Looking Up and Looking Down in OKC

The Oklahoma City Barons are off to a roaring start this season. The club is in second place in their Conference with a 12-5-1 record, and have accumulated a +15 goal differential, which is good enough for top spot in the entire league. And yet, the team isn't without its problems. When I checked in on the Barons in October, their biggest problem was at the gate where it looked like they were in for a long season. Now, it looks like the biggest problem is probably on the ice. After the jump, I'll take a look at some encouraging signs at the gate attendance, and a couple of warning signs about their play on the ice.

I'll start with the encouraging bit, which is how well the Barons have done at the gate after a rough opening few games. After a couple of very poor showings, I thought that it was likely that the Barons had shed a significant number of season ticket holders. That may still be true, but it sure hasn't been evident in their more recent home dates. Here's the three-game rolling average for attendance in both this season and last season:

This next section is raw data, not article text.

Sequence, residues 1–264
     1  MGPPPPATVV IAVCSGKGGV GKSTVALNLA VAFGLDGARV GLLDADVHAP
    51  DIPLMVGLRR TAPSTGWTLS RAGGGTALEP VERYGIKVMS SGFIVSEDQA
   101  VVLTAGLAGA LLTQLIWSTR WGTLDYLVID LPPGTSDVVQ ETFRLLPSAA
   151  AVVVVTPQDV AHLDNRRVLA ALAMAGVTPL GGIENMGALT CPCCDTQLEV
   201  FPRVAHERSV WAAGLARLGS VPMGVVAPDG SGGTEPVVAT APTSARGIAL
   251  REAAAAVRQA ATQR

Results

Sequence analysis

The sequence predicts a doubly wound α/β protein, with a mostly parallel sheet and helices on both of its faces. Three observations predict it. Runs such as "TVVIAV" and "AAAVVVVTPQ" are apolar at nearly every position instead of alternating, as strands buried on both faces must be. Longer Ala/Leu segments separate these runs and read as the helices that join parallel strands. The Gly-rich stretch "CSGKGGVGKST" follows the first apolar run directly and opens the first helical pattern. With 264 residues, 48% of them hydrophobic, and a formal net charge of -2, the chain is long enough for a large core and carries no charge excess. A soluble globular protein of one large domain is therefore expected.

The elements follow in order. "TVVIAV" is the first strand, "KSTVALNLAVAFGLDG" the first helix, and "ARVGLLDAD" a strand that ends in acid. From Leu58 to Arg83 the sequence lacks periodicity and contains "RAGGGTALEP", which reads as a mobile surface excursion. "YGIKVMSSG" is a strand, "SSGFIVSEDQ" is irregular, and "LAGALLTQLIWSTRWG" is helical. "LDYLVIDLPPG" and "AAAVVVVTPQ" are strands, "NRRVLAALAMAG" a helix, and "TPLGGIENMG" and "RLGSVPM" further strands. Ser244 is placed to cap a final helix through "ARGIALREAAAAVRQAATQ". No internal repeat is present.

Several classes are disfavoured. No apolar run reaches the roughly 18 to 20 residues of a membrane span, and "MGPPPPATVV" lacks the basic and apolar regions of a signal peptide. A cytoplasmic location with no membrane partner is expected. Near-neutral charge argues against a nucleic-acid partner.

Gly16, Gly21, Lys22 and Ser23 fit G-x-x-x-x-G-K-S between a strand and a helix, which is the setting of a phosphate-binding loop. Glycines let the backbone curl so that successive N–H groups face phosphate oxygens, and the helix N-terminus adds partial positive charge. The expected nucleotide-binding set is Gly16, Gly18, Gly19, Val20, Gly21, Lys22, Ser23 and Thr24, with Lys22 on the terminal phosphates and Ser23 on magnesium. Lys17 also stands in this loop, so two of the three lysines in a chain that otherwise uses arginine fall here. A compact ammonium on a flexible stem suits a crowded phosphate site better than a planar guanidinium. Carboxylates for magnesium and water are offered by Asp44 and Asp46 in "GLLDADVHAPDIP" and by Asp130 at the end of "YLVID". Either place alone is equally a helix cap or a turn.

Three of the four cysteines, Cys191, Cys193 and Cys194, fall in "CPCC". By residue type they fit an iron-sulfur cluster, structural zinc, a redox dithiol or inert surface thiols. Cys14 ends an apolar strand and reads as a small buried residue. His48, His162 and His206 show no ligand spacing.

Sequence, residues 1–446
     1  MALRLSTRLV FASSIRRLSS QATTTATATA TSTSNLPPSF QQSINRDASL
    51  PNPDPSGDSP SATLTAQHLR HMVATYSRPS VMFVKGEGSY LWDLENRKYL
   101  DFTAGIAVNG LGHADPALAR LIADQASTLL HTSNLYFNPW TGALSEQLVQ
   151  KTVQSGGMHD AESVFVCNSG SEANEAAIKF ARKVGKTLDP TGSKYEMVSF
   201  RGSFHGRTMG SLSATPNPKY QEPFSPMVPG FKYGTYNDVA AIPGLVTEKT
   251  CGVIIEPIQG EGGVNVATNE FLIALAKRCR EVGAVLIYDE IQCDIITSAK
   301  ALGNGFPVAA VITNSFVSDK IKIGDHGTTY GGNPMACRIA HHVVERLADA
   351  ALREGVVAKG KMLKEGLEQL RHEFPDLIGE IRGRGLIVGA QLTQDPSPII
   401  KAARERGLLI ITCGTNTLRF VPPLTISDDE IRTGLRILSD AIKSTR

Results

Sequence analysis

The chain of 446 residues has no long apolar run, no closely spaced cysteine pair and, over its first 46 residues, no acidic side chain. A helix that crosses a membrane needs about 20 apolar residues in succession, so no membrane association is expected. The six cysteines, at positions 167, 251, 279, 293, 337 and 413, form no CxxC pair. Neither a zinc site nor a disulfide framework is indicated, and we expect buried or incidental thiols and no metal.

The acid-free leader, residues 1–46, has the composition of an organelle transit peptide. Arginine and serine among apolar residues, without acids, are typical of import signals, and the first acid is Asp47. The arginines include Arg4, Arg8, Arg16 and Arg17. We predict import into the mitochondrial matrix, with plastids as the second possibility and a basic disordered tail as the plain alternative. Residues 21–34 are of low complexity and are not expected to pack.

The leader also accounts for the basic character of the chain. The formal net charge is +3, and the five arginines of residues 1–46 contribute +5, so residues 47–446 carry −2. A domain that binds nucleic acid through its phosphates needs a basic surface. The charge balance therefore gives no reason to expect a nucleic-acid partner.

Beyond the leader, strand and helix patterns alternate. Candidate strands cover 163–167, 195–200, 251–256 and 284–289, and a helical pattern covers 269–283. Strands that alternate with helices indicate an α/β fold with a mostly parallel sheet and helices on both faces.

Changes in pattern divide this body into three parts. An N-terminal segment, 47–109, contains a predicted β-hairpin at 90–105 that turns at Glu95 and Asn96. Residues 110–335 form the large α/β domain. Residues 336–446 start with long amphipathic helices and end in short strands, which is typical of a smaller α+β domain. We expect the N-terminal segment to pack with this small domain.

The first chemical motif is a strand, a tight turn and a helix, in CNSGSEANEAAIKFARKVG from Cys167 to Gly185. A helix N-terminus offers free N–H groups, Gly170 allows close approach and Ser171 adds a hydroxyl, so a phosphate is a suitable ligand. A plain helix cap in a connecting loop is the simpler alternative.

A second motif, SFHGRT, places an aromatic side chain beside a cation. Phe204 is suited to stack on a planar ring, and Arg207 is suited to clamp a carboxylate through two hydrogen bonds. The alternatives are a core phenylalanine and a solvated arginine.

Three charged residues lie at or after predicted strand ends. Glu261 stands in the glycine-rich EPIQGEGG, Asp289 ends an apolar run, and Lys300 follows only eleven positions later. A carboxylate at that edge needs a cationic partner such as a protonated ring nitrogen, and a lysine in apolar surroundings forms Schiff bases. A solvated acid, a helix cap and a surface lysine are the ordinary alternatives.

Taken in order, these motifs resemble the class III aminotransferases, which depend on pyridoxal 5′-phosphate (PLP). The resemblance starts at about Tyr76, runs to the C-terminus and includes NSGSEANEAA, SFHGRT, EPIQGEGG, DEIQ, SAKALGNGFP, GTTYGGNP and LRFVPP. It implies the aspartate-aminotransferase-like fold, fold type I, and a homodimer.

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I had expected the Barons to be consistently worse than last year after that troubling start, but that's not what we've seen. In fact, their game on Friday, November 11th set a new record for attendance (excluding season openers and season finales) with 6,282 people in attendance. I don't know the exact reason for the improvement in attendance, but my earlier alarmism must be a major factor.

Will attendance stay up? I don't know, but if it's dependent on the team winning, I doubt it. The Barons defense has been decimated by injuries up in Edmonton. With Johan Motin leaving for Sweden, the only defender left with an NHL contract is Taylor Chorney, and a couple of the players at the end of the roster are playing at the AHL level for the first time. But even if we look back, things aren't as rosy as they seem.

The Barons have averaged 25.9 shots per game and 30.7 shots against per game, for a shot differential of -4.8 per game. At the NHL level, we know that means that the team is likely going to be pretty terrible over the long run. What's sustaining them so far? As you might expect, it's extremely strong percentages. As a team, the Barons have a shooting percentage of 12.0% and a save percentage of 92.4%. Both numbers are well above average and give the Barons a ridiculous PDO of 104.4. Going by the numbers, it seems to me that this is a team poised for a big fall.

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